Purpose: The purpose of the present study was to determine whether the KineSpring System is a more effective treatment for knee OA when compared to other standard treatments, considering cost-utility ratios. Methods: A literature search provided data on conservative and surgical treatment costs and functional outcome scores. The KineSpring System outcome scores were obtained from two trials. Quality adjusted life years (QALYs) and cost-utility ratios were calculated for each treatment option assuming a lifetime durability as well as 10-year durability. Results: Assuming lifetime durability, the cost-utility ratios of total knee arthroplasty (TKA), unicompartmental knee arthroplasty (UKA), high tibial osteotomy (HTO), the KineSpring System, and conservative treatments, compared to no treatment were €2348±70 per QALY, €2040±61 per QALY, €2281 ± 68 per QALY, €1669±268 per QALY, and €11,688±2185 per QALY, respectively. Assuming a treatment durability of 10 years, the cost-utility ratio of TKA, UKA, HTO, the KineSpring System and conservative treatments, compared to no treatment were €4,884±323 per QALY, €4243±280 per QALY, €4,744 ±313 per QALY, €3757±1353 per QALY, and €10,575±4414 per QALY, respectively. Conclusion: Compared to current standard-of-care treatments, the KineSpring System has a favorable cost-utility ratio, making it an effective treatment option and a suitable cost-saving alternative. The KineSpring System is associated with lower cost and increased QALYs. Future research is needed to further examine the long-term outcomes associated with the KineSpring System.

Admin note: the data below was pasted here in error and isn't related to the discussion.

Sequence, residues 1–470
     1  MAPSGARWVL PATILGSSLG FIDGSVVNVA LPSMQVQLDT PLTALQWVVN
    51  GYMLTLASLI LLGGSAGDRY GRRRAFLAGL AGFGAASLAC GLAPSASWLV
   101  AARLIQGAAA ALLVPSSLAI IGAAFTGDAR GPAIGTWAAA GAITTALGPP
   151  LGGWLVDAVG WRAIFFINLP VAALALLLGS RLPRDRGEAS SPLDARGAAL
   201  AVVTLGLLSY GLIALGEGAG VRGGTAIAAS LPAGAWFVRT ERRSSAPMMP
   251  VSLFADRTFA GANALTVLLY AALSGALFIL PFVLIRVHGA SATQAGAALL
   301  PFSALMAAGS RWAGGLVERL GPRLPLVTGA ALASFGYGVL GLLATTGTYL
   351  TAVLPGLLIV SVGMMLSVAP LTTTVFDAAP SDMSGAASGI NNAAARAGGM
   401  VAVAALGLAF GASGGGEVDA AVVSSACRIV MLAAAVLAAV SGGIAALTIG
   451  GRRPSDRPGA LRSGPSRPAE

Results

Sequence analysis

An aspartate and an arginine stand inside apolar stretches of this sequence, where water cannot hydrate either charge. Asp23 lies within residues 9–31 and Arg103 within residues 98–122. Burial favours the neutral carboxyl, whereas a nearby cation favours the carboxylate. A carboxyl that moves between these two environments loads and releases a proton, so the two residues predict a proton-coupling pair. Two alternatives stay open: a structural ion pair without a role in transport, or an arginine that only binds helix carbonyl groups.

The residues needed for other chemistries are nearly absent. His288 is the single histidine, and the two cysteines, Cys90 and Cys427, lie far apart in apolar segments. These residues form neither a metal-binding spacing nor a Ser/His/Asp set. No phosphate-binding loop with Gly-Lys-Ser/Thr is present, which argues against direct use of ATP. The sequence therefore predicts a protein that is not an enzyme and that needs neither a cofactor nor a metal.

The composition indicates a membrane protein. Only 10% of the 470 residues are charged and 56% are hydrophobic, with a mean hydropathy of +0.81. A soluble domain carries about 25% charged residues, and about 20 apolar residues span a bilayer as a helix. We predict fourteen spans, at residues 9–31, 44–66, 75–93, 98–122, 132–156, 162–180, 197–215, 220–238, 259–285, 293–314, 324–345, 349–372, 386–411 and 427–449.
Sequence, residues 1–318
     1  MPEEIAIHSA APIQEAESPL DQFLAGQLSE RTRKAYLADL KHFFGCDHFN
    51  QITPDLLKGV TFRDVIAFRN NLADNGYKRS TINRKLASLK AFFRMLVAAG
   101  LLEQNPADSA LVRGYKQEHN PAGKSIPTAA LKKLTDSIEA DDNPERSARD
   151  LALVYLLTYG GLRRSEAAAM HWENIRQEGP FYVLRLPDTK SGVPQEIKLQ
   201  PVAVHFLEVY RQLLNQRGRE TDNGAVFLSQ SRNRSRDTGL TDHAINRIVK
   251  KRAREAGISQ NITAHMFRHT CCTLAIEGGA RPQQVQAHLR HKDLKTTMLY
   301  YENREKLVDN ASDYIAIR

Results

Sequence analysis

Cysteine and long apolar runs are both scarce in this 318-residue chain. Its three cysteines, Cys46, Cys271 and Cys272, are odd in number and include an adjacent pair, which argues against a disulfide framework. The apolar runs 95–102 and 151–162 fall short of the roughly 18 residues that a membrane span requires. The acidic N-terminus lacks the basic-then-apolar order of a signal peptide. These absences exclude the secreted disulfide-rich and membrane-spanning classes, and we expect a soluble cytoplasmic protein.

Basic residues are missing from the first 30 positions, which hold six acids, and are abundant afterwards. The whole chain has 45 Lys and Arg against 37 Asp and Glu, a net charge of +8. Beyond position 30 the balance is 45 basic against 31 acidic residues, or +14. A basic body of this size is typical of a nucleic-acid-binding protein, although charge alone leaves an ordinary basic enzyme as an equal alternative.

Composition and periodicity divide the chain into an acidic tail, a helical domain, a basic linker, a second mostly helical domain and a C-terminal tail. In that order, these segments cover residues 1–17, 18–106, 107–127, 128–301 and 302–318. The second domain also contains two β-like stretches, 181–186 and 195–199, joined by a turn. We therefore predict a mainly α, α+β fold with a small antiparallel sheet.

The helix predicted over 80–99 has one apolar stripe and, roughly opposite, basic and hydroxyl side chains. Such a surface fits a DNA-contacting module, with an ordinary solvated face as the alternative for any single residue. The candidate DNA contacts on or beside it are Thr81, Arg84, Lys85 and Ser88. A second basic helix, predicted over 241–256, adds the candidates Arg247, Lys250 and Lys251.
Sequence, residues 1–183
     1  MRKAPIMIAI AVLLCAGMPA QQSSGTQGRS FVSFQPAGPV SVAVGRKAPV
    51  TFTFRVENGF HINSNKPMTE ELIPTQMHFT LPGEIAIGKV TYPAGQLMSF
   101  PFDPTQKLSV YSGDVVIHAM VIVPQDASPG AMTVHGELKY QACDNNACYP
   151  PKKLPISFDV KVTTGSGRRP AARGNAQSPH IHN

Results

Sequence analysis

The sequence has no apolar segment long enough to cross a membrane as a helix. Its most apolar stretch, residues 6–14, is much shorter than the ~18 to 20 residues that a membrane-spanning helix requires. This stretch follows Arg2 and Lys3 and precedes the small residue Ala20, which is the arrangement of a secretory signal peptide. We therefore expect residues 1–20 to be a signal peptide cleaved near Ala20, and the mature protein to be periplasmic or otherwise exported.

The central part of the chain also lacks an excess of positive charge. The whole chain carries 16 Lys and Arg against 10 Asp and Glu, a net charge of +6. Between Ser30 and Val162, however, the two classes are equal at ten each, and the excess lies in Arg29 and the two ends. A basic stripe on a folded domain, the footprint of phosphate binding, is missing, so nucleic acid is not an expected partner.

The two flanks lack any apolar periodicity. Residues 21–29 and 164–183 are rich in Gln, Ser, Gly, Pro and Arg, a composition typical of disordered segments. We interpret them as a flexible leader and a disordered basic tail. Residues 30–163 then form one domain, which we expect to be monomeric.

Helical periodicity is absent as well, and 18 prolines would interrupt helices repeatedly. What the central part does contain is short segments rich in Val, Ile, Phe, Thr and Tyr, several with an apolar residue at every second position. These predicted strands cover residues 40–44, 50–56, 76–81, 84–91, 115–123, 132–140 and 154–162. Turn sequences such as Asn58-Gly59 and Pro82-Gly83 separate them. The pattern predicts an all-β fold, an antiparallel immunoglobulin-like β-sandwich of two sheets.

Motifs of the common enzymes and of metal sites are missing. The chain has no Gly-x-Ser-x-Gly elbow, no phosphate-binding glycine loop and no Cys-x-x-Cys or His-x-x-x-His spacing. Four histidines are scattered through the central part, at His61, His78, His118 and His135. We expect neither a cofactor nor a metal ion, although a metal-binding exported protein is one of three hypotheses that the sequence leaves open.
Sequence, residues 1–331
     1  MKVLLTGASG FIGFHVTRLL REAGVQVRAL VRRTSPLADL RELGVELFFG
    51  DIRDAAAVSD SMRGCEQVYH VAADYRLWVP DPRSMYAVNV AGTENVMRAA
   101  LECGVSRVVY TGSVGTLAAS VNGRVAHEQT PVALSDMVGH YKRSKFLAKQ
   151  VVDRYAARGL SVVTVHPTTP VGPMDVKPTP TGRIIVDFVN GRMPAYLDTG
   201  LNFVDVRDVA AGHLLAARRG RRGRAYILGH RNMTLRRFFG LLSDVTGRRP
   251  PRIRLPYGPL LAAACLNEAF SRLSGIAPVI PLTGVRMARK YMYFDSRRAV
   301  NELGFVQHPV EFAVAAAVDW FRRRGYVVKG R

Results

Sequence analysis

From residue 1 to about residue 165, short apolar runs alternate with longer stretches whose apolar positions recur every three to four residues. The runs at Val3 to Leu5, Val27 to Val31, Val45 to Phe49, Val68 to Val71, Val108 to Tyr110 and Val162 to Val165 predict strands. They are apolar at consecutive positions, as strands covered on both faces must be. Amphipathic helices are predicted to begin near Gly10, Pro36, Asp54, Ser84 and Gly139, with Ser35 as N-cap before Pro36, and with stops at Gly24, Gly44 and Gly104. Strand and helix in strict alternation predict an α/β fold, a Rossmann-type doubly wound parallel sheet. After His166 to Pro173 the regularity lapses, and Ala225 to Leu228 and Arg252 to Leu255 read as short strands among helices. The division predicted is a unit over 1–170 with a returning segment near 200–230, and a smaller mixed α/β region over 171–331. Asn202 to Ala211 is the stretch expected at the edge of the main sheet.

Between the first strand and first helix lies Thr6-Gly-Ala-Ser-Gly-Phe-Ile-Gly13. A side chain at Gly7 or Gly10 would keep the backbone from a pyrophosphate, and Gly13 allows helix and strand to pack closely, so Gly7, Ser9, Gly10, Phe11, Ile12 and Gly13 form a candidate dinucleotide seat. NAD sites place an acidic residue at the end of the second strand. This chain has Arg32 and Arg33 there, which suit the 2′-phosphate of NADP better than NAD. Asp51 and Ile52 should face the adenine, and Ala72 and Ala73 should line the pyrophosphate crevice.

|Number of pages||12|
|Journal||Journal of Long-Term Effects of Medical Implants|
|Publication status||Published - 2013|
- Knee osteoarthritis
ASJC Scopus subject areas
- Biomedical Engineering